Two dogs tested positive for lead poisoning in Flint, Mich.
Lead toxicity is a real threat in Flint, Mich. and not just for humans.
On Feb. 5, James Averill, DVM, PhD, State Veterinarian and Animal Industry Division Director at the Michigan Department of Agriculture and Rural Development (MDARD), announced that two dogs tested positive for lead toxicity, reported CBS News Detroit.
“In October , we got a call from a veterinarian that a client’s dog wasn’t doing well and they’d done a toxicity screen and lead was involved, so he reported it to us,” Averill told NEWStat. “We found the second dog just by accident, in January.”
One dog was a stray and the other was a family dog. Both survived, according to CBS News Detroit.
“When the governor of Michigan declared a state of emergency, we got information out to the Michigan Veterinary Medical Association as well as veterinary clinics and two shelters in the area,” Averill told NEWStat. Pet owners were also advised to have their water tested, give their pets only filtered water, and keep the toilet lid closed.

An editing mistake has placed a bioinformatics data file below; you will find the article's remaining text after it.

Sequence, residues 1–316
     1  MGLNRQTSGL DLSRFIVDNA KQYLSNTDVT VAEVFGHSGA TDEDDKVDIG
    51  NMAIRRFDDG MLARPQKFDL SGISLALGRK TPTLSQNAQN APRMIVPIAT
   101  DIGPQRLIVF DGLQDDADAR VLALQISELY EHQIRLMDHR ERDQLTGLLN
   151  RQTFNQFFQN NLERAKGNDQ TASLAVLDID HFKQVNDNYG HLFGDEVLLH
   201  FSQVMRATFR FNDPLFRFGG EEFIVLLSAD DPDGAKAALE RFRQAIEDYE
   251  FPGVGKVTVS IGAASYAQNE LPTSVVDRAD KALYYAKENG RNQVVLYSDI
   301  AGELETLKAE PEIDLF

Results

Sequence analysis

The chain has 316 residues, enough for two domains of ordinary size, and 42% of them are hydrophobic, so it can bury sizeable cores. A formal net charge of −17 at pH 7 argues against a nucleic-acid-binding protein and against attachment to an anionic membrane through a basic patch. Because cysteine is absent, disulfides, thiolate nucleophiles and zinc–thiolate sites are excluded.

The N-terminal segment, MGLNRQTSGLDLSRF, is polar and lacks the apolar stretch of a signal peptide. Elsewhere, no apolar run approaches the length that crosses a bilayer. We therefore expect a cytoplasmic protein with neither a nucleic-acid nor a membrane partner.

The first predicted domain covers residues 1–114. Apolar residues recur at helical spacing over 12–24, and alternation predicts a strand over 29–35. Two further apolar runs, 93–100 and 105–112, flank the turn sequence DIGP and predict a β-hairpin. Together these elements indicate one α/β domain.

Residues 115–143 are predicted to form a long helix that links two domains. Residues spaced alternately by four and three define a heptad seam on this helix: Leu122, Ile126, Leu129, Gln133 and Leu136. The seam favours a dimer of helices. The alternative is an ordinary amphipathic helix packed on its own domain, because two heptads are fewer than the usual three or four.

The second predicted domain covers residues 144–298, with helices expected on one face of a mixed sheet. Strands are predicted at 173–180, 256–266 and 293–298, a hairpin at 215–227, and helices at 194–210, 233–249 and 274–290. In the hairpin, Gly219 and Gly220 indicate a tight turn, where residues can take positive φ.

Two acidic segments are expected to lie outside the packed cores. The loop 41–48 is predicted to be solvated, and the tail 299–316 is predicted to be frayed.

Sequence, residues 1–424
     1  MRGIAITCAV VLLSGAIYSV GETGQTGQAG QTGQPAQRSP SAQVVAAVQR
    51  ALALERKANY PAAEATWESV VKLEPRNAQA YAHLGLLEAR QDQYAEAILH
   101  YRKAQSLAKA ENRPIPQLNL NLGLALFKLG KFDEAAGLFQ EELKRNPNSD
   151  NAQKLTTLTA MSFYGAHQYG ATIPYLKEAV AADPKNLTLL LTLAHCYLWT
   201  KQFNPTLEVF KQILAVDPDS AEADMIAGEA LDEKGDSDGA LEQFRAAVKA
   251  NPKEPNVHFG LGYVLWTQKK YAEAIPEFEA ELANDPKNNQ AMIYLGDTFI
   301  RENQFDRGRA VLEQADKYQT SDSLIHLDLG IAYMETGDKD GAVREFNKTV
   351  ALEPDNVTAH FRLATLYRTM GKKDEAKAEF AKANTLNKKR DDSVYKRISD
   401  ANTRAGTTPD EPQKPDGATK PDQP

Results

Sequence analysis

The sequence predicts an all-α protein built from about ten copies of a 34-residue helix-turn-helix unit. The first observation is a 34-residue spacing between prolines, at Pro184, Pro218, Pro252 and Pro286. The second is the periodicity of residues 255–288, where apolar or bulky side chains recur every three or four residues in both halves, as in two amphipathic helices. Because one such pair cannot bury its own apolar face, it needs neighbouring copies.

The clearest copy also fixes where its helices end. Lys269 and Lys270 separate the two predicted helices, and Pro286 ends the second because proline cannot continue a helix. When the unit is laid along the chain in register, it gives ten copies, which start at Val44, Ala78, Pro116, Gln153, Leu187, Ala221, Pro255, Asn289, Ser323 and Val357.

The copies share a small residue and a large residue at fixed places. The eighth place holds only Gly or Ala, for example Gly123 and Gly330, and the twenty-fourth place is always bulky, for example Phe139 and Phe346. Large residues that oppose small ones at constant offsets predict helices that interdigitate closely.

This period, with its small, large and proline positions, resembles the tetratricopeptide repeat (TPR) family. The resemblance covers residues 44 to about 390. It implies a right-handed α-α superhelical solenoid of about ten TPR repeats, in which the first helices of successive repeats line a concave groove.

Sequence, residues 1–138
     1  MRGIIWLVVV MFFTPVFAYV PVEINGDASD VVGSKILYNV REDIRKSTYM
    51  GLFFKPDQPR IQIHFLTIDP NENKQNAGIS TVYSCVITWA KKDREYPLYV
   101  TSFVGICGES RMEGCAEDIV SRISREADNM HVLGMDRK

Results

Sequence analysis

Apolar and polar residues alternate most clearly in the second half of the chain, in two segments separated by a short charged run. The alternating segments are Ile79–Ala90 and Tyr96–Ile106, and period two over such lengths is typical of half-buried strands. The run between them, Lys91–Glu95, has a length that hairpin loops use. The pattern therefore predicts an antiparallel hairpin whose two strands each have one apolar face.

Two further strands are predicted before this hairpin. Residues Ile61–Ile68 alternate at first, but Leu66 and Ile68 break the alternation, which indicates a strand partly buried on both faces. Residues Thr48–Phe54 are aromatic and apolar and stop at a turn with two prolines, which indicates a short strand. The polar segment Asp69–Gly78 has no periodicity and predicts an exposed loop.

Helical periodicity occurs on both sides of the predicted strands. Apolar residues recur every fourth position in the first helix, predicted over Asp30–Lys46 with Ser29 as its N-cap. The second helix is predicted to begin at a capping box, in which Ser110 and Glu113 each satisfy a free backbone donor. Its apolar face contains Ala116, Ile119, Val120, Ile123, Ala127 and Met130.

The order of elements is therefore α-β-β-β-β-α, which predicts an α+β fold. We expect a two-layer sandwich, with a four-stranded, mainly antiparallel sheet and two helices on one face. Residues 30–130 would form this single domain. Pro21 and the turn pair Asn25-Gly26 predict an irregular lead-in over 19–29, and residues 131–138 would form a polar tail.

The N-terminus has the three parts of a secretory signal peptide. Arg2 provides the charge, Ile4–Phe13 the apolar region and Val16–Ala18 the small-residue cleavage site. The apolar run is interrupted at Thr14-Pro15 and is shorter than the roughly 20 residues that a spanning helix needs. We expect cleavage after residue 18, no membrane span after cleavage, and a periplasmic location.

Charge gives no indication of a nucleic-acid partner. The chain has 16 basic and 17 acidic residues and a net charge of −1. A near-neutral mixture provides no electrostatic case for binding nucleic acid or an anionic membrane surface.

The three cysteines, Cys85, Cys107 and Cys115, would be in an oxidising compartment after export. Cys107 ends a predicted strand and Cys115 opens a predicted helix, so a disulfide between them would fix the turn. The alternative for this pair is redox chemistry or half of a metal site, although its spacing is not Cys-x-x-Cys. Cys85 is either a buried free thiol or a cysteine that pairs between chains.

Since the two dogs tested positive for lead toxicity, Averill approved a handful of dogs to be tested; all tests were negative.
“Veterinarians don’t typically test for lead poisoning,” Tina Wismer, DVM, DABVT, DABT and Medical Director of the Animal Poison Control Center at the American Society for the Prevention of Cruelty to Animals (ASPCA), told NEWStat. “If they do, the best test is a blood lead level done on whole blood. The acceptable level for lead is 0.3 to 0.35 parts per million.
“Acute signs of lead toxicity include vomiting, anorexia, tremors, and seizures, especially in cats. Age is also a factor—the younger the pet, the more susceptible,” Wismer told NEWStat.
The most common source of lead toxicity, according to Wismer, is old lead paint. That’s why, should a patient show signs of lead toxicity, a leading question is whether a client is remodeling. If so, cats and dogs will groom the lead dust off their paws.
Removal of the source of the lead toxicity usually clears up the problem. For more sensitive cases, off-label medications can help, according to Wismer.
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